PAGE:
Broadband partnership benefits students

A partnership between the Rainy River District School Board and the Northwest Catholic District School Board is helping bring their schools and students closer to the rest of the world.
The two boards have established a broadband link from Fort Frances to Thunder Bay which connects them to the Ontario Research and Innovation Optical Network (ORION) Point of Presence at Lakehead University.
ORION links various research and educational institutions through networks such as CANARIE’s CA*net4, Internet2, and the Internet.
“ORION’s just growing by leaps and bounds now,” said Stephen Danielson, the computer systems administrator for the RRDSB. “I don’t think there’s a university or college in Ontario that isn’t hooked to it.”
He said the boards had to petition ORION to get on the network. “They weren’t originally going to invite school boards,” Danielson noted. “Now they’re inviting them to join.”
In order to connect with the ORION project, the local school boards needed a better broadband connection than what they were using. So they teamed up to obtain Wide Area Network (WAN) links through Thunder Bay Telephone.
Danielson said the public board used to have what is called a T-1 connection to the Internet. But while a T-1 connection is very fast for home use, it wasn’t meeting the needs of the school board and its many schools.
Through ORION, the board now has a connection 25 times faster than the T-1. “Without that whole ORION infrastructure, we never could have gotten that,” he added.
What ORION offers students is “unlimited potential,” Danielson said, citing as an example the “Megaconference Jr.” which took place over 12 hours in May in about a dozen countries through videoconferencing.
Elementary and high school students from the U.S., Singapore, Chile, New Zealand, Costa Rica, Turkey, Iran, and China, among others, dialed in and made presentations to each other about their countries and cultures.
Students in Dana Kosowick’s Grade 6 class at Robert Moore School here participated in the conference through the ORION project.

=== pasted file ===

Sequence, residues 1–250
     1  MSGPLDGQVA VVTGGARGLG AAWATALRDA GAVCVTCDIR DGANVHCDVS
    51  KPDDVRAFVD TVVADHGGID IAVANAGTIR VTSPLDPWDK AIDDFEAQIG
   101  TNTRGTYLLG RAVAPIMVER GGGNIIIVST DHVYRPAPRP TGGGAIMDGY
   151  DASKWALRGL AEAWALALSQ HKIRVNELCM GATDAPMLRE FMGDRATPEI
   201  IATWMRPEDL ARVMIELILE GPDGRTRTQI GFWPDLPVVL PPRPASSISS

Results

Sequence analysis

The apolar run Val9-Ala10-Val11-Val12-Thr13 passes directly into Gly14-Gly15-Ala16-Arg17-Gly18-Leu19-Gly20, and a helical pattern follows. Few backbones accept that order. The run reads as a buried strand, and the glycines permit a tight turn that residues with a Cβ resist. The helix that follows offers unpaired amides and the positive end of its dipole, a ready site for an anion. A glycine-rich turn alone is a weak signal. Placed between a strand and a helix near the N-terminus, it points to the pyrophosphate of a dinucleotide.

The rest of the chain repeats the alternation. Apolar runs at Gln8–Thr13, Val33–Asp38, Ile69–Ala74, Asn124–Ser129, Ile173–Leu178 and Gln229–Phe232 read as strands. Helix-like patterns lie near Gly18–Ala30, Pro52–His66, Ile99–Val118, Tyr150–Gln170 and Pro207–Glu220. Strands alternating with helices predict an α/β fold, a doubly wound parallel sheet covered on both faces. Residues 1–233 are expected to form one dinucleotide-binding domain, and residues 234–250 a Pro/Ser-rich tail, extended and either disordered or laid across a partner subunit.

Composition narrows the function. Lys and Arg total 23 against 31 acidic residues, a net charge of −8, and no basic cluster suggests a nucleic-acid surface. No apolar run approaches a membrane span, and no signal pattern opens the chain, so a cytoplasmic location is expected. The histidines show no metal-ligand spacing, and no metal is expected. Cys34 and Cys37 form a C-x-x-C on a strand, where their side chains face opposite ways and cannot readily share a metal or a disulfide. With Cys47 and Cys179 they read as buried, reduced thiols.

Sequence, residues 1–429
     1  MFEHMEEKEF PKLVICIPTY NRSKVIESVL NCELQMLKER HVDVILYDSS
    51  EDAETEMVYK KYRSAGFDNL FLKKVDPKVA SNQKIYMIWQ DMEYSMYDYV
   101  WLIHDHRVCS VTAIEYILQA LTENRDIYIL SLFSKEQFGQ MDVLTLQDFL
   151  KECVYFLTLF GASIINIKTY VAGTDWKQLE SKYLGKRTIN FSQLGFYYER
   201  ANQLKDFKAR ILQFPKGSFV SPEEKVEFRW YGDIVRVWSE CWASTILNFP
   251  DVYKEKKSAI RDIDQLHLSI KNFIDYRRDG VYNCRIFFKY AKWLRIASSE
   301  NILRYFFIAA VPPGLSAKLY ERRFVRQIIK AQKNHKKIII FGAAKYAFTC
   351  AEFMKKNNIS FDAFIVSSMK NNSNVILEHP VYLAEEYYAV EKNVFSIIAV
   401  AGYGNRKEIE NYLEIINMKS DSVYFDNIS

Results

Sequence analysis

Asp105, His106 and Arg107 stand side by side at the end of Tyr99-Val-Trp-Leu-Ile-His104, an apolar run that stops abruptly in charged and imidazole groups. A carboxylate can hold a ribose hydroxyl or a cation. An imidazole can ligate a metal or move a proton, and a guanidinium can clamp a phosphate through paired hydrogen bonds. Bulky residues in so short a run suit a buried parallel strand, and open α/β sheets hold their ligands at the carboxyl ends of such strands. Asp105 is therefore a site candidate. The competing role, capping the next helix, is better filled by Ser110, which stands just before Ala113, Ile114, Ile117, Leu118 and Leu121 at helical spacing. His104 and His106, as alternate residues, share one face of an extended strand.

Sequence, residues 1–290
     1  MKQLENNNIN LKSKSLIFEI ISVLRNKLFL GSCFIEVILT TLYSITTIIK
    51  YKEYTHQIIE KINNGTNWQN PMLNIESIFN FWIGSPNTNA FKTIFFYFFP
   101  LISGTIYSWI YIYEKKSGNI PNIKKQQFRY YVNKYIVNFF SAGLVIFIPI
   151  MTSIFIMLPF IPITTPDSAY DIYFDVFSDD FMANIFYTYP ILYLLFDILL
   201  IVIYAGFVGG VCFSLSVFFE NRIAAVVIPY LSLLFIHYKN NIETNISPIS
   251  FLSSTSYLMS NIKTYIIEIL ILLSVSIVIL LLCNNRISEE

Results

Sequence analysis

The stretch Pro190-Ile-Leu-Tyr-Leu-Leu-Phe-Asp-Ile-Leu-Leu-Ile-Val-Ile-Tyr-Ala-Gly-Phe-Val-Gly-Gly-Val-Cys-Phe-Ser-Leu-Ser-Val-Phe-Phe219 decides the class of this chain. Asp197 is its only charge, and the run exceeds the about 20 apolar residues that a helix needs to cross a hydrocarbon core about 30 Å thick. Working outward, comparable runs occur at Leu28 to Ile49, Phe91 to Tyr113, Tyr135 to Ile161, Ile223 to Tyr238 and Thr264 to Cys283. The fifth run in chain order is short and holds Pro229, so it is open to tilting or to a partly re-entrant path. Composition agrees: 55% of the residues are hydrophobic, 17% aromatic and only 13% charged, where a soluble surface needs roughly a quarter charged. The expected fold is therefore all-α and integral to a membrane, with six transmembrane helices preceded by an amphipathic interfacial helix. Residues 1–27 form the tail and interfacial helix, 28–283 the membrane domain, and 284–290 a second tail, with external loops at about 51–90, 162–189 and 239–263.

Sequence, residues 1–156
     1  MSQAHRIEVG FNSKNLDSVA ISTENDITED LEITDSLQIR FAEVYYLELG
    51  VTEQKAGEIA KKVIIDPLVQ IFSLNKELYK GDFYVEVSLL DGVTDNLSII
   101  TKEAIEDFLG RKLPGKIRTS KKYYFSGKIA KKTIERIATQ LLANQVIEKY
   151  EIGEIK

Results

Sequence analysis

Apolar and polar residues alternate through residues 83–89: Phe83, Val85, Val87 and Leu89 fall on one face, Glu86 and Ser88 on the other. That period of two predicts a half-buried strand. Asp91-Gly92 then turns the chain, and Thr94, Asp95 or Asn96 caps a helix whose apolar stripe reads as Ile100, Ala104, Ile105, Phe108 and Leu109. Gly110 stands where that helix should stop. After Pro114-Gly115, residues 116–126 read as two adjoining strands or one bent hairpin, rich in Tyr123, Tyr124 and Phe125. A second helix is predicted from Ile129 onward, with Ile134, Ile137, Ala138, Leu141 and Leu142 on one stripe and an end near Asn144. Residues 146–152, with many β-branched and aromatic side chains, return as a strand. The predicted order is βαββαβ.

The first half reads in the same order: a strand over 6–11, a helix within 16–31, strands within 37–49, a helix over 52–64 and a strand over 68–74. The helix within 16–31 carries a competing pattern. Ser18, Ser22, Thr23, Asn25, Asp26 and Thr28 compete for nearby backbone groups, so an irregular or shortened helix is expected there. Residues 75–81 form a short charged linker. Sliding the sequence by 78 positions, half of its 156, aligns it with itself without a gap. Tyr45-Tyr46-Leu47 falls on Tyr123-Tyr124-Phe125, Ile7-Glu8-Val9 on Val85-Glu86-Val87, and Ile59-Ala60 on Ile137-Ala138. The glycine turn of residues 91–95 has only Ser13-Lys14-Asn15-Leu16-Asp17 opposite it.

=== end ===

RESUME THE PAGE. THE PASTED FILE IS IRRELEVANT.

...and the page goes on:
“Without ORION, we’d never have been able to do that. And this is just the tip of the iceberg,” Danielson remarked.
His goal for this year is to establish a virtual field trip. For example, instead of sending a class to Toronto to visit the Ontario Science Centre, it would be possible to have someone there push a videoconferencing unit around the centre while a guide explained what they were looking at and answer questions from the students.
The same could be done not only in Canada, but in Australia, or London, or Paris, he said.
“Imaging taking a virtual field trip through the Louvre,” Danielson enthused. “It’s just so exciting.”
Danielson also said the connection is very cost-effective. “The big cost is from here to Thunder Bay,” he noted, adding the local connection costs about 10 times more than the ORION connection itself.
“But we’re working on that,” he pledged.
ORION also gives both local school boards one of the best connections among their counterparts across the province. “There’s only a few I know that have better,” Danielson said.
“This progressive partnership with the Northwest Catholic District School Board allows our students to benefit from the speed and bandwidth technology not available in other parts of the northwest region of Ontario,” noted Warren Hoshizaki, education director for the local public board.